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Iran's President Ebrahim Raisi visits Islamabad amid tensions

Iran’s President Ebrahim Raisi is set to visit Islamabad on Monday to meet with Pakistani President Asif Ali Zardari, marking a significant step in efforts to rebuild relations between the two nations following this year’s deadly cross-border strikes. The visit comes amid heightened regional tensions exacerbated by the Israel-Hamas conflict and recent missile exchanges between […]

Ebrahim Raisi's Death: Did US Sanctions Have an Indirect Impact?
Ebrahim Raisi's Death: Did US Sanctions Have an Indirect Impact?
Iran’s President Ebrahim Raisi is set to visit Islamabad on Monday to meet with Pakistani President Asif Ali Zardari, marking a significant step in efforts to rebuild relations between the two nations following this year’s deadly cross-border strikes. The visit comes amid heightened regional tensions exacerbated by the Israel-Hamas conflict and recent missile exchanges between Iran and Pakistan.
Accompanying President Ebrahim Raisi will be a high-level delegation comprising the foreign minister and a substantial business delegation, according to Pakistan’s foreign ministry.
The recent escalations stemmed from tit-for-tat missile strikes in January along the porous border province of Balochistan, which straddles both countries. Iran’s strikes were directed at a Pakistani anti-Iranian group, prompting Pakistan to respond with attacks on militant targets in Sistan-Balochistan, a predominantly Sunni Muslim region within Iran.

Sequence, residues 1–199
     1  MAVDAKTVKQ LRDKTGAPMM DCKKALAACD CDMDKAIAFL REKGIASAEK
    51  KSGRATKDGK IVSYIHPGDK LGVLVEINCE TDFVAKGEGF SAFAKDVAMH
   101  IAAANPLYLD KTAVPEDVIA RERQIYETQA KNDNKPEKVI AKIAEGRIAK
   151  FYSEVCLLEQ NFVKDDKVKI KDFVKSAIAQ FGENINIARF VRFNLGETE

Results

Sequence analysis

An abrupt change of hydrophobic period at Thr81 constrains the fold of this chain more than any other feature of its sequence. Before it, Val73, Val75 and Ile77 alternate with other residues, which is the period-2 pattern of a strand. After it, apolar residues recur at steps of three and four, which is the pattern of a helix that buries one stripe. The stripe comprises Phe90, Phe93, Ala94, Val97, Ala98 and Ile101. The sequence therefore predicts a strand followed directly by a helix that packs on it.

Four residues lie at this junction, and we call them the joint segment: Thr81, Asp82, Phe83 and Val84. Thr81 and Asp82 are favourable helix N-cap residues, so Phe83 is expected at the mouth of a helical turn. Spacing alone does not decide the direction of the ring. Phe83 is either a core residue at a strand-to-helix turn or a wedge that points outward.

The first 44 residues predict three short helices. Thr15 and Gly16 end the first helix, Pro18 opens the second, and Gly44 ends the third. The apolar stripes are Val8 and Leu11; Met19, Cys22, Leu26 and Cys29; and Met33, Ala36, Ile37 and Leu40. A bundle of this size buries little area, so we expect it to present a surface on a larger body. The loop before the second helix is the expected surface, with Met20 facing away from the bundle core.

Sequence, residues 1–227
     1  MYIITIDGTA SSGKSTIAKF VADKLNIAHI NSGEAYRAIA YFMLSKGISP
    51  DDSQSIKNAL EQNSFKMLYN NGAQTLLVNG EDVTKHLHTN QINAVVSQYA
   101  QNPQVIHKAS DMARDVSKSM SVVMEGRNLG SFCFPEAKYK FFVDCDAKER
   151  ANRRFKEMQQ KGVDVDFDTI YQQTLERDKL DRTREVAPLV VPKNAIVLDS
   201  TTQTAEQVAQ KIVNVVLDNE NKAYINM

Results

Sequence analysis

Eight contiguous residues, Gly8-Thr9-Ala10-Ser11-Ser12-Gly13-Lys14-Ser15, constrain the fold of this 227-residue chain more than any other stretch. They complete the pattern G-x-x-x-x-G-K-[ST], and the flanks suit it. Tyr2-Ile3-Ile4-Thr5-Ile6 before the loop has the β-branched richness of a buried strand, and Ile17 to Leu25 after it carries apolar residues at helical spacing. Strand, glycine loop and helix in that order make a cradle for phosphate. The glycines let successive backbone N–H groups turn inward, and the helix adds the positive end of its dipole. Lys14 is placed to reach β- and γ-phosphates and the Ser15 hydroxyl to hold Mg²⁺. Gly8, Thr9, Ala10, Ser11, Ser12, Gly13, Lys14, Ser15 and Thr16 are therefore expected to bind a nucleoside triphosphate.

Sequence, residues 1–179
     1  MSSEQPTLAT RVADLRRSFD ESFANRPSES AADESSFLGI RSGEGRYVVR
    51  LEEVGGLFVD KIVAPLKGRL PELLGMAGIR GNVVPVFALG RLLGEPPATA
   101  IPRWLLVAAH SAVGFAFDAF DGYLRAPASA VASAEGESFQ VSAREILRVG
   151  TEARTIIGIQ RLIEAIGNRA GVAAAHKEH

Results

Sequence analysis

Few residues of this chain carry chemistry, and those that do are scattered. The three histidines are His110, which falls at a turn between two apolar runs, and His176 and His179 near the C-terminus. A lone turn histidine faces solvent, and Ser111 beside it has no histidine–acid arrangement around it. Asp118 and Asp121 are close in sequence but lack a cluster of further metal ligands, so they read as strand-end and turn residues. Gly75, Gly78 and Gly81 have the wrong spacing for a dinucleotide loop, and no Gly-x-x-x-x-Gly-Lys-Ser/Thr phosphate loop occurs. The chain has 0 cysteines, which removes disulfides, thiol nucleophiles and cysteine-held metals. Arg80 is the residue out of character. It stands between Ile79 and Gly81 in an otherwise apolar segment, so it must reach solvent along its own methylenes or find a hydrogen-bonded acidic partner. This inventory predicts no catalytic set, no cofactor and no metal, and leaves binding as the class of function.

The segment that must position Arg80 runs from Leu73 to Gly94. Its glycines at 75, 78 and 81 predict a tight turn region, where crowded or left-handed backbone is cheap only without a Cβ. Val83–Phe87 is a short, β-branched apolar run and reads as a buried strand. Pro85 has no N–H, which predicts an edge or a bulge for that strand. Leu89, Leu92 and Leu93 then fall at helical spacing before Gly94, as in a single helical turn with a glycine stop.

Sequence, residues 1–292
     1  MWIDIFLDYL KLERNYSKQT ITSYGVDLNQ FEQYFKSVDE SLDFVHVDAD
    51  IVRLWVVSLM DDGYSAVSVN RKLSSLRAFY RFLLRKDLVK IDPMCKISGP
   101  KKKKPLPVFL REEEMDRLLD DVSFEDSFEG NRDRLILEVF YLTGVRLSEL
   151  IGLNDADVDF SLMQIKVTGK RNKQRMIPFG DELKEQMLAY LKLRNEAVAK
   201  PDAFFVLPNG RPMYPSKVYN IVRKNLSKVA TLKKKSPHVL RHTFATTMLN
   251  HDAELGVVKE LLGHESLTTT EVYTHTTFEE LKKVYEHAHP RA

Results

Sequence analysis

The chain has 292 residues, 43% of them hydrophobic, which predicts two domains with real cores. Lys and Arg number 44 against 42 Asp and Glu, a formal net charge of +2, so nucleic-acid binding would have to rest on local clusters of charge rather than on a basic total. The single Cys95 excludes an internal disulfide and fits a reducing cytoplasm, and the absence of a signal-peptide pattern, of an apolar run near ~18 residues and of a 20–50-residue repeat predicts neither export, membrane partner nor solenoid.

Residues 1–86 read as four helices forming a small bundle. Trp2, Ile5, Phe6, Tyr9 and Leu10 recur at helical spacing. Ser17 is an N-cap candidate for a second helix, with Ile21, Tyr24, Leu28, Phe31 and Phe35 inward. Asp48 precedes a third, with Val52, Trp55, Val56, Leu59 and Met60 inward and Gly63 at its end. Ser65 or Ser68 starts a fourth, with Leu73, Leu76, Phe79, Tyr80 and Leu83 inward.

Historically, both nations have accused each other of providing sanctuary to extremists, contributing to strained relations.
Following a visit by Iran’s foreign minister to Islamabad, both governments agreed to enhance communication and establish liaison staff to improve bilateral ties and address shared concerns.
The visit of President Raisi includes engagements with provincial leaders in Karachi and Lahore, focusing on areas of cooperation such as trade, connectivity, energy, agriculture, and people-to-people contacts.
Of particular importance is Pakistan’s reliance on an Iranian-led gas project aimed at alleviating its long-standing electricity shortage. The $7.5 billion gas pipeline project, initiated in 2013 to supply power plants in Pakistan from Iran’s South Pars gas reserves, faced delays due to international sanctions against Iran.
In a recent development, Pakistan’s departing caretaker government approved an 80-kilometer stretch of the pipeline to avoid significant fines from Iran. However, the project faces opposition from the United States, which has warned Pakistan of potential penalties for proceeding with it.
The upcoming discussions between Iranian and Pakistani leaders signify a crucial juncture in regional diplomacy, balancing economic interests with geopolitical considerations amid ongoing tensions and international scrutiny.

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IRANPakistan